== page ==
Gravitation

In the most common sense, gravitation or gravity is the agent that gives weight to objects with mass and causes them to fall to the ground when dropped. In the scientific sense, gravitation is a natural phenomenon by which physical bodies appear to attract each other with a force proportional to their masses. The phenomenon of gravitation itself, however, is a byproduct of a more fundamental phenomenon described by general relativity, which suggests that spacetime is curved according to the presence of matter through a yet-to-be discovered mechanism. Gravitation is one of the four fundamental interactions of nature, along with electromagnetism, and the nuclear strong force and weak force. In modern physics, the phenomenon of gravitation is most accurately described by the general theory of relativity by Einstein, in which the phenomenon itself is a consequence of the curvature of spacetime governing the motion of inertial objects. The simpler Newton's law of universal gravitation provides an accurate approximation for most physical situations including calculations as critical as spacecraft trajectory. From a cosmological perspective, gravitation causes dispersed matter to coalesce, and coalesced matter to remain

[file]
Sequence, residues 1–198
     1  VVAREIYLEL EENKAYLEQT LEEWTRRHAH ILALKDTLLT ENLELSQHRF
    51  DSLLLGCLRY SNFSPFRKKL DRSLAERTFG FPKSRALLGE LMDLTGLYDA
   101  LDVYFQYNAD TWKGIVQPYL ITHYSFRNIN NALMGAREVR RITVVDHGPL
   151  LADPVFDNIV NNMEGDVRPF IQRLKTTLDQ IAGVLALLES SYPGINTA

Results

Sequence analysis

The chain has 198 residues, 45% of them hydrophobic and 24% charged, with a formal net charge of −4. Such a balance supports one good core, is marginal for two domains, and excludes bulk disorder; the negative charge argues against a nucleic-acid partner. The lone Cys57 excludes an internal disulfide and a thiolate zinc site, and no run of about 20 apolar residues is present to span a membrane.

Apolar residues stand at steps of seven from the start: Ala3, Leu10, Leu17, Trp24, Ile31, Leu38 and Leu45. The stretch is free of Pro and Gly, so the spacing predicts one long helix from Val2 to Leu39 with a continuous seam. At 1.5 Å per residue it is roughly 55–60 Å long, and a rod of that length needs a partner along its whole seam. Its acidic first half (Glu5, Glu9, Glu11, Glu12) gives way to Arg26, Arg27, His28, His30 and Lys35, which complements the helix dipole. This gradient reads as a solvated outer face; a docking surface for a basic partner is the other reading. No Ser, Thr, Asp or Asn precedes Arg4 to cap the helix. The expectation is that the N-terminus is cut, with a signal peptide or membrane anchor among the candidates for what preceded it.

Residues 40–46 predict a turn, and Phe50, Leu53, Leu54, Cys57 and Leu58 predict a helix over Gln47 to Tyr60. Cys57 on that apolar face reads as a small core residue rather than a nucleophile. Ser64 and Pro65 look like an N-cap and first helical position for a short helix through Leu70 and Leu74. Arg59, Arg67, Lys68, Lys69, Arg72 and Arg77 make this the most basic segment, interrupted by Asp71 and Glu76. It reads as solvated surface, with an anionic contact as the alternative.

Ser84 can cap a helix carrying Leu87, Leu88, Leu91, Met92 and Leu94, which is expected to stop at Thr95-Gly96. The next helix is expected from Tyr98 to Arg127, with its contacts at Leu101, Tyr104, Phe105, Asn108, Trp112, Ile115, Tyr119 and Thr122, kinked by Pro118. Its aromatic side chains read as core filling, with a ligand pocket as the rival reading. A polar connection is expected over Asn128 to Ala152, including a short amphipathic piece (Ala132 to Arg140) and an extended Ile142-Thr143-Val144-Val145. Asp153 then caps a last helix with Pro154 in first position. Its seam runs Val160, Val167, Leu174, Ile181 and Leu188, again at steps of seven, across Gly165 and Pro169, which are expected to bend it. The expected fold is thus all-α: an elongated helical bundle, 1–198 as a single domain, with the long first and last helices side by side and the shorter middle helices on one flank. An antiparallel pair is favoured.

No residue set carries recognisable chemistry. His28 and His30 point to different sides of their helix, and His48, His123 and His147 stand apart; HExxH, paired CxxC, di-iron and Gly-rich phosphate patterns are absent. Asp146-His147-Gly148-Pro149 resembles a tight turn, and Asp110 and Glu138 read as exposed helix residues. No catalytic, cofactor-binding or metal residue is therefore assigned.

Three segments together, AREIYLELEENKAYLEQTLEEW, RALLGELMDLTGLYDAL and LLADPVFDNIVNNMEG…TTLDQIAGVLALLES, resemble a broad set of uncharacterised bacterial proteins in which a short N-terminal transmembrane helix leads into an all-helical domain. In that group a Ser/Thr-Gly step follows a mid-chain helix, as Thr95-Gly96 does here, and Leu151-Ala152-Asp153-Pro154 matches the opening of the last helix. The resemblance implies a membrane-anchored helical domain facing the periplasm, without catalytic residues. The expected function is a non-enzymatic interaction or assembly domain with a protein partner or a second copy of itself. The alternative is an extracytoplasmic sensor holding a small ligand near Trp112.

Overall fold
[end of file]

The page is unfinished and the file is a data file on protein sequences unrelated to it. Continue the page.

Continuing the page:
intact, thus accounting for the existence of planets, stars, galaxies and most of the macroscopic objects in the universe. It is responsible for keeping the Earth and the other planets in their orbits around the Sun; for keeping the Moon in its orbit around the Earth; for the formation of tides; for natural convection, by which fluid flow occurs under the influence of a density gradient and gravity; for heating the interiors of forming stars and planets to very high temperatures; and for various other phenomena observed on Earth and throughout the universe. Scientific revolution Modern work on gravitational theory began with the work of Galileo Galilei in the late 16th and early 17th centuries. In his famous (though possibly apocryphal[1]) experiment dropping balls from the Tower of Pisa, and later with careful measurements of balls rolling down inclines, Galileo showed that gravitation accelerates all objects at the same rate. This was a major departure from Aristotle's belief that heavier objects accelerate faster.[2] Galileo correctly postulated air resistance as the reason that lighter objects may fall more slowly in an atmosphere. Galileo's work set the stage for the formulation of Newton's theory of gravity.